The Falls City tribune. (Falls City, Neb.) 1904-191?, March 03, 1911, Image 4

Below is the OCR text representation for this newspapers page. It is also available as plain text as well as XML.

    THE FALLS CITY TRIBUNE
Consolidations—Kails City Tribune.
Humboldt Enterprise, Itulo Record.
Crocker’s Educational Journal and
Dawson Outlook.
Entered as second-class matter at
Falls City. Nebraska, post office, Janu
ary 12, 1904, under the Act of Congress
on March .1,1K79.
Published every Friday at 1 all.-City
Nebraska, by
The Tribune Publishing Company
One ve.tr ...Sl.jO
atix month* .-.
Three months. .+0
TELEPHONE 226.
Senator l.orinn r may be innocent
of evil intent in the matter of his
election. Hut this much is certain
the "interests" that got him his bit
terly contested seat, and are now
moving heaven and earth to keep
him in it, are not innocent. A man
who lias such a pull on the moneyed
interests of the country may well
be regarded as, a questionable prop
osition. The interests of the com
mon people certainly demand his re
call. Money and innocence, like oil
and water, do not mix.
We are kinder than wo once were.
There is less cruelty towards the
dumb and helpless tilings about us.
The efforts of the organizations for
the prevention of unnecessary cruel
ty are having their effect. Man’s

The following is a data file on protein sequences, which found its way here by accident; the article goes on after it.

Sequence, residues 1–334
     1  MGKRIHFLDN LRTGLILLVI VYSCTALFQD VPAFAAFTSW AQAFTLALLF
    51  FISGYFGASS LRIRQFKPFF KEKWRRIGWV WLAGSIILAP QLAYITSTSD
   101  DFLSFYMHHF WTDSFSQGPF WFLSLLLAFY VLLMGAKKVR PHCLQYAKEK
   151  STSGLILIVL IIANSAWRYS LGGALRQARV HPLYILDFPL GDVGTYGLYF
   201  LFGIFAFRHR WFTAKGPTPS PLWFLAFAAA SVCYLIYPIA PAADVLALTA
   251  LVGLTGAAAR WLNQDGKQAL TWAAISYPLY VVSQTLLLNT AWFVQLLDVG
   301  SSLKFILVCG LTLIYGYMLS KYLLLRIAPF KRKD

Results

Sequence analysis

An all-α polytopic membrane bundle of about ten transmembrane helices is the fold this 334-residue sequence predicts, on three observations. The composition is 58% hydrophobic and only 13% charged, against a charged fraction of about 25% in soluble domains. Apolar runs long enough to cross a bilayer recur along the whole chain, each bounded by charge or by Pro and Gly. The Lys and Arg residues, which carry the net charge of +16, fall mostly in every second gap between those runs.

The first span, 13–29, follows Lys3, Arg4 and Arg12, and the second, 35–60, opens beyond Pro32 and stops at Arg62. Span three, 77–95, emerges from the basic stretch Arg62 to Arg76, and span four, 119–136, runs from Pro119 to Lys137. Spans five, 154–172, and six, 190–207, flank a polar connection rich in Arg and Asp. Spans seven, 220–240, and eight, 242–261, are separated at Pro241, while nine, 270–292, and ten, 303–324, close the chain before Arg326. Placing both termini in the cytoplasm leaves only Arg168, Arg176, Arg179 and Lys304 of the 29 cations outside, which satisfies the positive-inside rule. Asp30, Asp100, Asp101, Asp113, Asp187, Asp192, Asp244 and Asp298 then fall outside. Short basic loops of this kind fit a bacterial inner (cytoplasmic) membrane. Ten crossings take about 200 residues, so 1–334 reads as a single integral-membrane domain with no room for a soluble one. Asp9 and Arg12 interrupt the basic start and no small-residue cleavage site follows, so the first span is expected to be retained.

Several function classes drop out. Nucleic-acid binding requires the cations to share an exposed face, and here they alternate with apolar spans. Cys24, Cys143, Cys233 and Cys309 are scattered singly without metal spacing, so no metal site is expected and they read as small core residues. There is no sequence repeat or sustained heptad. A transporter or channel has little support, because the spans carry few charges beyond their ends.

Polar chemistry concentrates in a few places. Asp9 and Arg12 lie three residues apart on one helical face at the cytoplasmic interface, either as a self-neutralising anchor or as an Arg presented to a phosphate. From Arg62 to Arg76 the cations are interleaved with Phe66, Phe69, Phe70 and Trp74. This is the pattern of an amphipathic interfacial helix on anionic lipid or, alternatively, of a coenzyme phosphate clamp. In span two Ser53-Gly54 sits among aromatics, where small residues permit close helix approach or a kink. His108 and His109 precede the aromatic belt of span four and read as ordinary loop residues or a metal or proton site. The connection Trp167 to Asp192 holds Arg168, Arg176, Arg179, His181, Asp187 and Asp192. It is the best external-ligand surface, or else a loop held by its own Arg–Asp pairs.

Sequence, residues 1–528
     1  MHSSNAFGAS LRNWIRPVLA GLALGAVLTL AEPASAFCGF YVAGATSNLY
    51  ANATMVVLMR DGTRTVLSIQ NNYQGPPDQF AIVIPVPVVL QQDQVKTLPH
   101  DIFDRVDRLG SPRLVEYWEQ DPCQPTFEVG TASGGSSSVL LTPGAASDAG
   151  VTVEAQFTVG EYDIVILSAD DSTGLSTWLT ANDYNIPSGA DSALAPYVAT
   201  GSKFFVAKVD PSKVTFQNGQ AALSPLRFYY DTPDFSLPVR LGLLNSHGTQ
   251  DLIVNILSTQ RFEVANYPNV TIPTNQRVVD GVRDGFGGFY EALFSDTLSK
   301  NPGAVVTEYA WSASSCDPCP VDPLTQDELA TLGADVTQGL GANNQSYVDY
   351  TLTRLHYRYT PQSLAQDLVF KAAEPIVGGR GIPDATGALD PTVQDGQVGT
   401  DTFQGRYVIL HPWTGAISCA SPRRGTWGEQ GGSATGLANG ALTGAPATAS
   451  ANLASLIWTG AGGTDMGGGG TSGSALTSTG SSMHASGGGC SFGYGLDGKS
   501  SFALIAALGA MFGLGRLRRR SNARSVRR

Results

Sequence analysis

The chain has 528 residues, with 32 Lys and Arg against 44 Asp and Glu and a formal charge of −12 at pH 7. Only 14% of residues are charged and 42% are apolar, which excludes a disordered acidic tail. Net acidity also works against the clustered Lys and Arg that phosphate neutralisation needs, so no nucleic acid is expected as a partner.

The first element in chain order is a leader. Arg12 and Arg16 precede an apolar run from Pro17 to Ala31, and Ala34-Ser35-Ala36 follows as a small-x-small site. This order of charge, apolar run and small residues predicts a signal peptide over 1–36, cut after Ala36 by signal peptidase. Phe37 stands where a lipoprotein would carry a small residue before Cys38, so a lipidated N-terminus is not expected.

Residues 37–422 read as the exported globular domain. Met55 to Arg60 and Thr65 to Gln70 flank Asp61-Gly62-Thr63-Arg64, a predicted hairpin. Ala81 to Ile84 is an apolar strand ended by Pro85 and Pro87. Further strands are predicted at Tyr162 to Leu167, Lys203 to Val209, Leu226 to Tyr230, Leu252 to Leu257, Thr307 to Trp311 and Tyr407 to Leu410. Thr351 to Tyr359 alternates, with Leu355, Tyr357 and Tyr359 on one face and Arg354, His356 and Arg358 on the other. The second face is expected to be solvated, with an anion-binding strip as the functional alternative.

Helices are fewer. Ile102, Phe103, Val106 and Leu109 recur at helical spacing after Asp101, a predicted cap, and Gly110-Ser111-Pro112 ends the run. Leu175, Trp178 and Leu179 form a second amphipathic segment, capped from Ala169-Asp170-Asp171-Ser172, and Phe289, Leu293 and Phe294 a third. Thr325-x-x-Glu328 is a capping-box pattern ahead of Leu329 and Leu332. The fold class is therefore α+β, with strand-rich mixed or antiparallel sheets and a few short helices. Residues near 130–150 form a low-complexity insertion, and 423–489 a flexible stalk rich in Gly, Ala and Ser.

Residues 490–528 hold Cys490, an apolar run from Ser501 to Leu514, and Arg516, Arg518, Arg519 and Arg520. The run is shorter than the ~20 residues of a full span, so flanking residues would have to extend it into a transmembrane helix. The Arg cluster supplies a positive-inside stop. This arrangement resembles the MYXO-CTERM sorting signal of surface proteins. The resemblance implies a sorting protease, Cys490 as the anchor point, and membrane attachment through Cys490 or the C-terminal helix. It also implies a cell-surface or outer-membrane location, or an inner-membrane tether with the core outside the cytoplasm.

most willing slave, the horse is enjoy
tug a respite. The birds are not so
generally abused as they once were.
Iflven the cat and the dog are accord
ed certain privileges because it is
becoming recognized more and more
that those humble creatures actually
have feelings. And creatures with
feeling claim our consideration.
Nebraska City lot tiro contract for
their new high school building to an
Omaha concern, yesterday for $44,760
Tho cost of the heating plant and
the furnishing which was given to
other contractors will bring the price
of the new building w< II up in
$60,000. This will not be without
interest to Tails City as wo also
have a serious school building proli
lorn before us. There is no more
important work before the people ill
any time, than the task of providing
adequately for the education of the
youth of tho community, ltefore
this other business can afford to
wait. Our boys and girls grow up
to manhood and womanhood whether
taught or not. It is for us to see
that they gt t every inducement to
grow wisely and well.
Falls City lias, for some time been
pressed for school accomodations. Tli
high school building is already crowd
ed. Tlio situation one year hence
when the children of the shops and
railroad people -apply cannot well
be described In advance. The nec
essity is upon us to do something be
fore that time comes, that will pro
vide needl’d ri lief. Why not use
the Central building as a ward school
and build a new high school in n
more central location. With the
center of population moving rapidly
toward the south, the present loca
tion of the high school is anything
but central. The present experience
which we are having because of lack
of houses, should teach us to pre
pare against the future.
Not much light has as yet been
thrown about the dark subject of the
coming spring election. There is a
very general plea for the divorcing
of the saloon issue from the elec
tion. The efforts to decide this
troublesome issue heretofore have
been anything but gratifying to both
factions. That the administration of
the city's affairs lias sufferedserious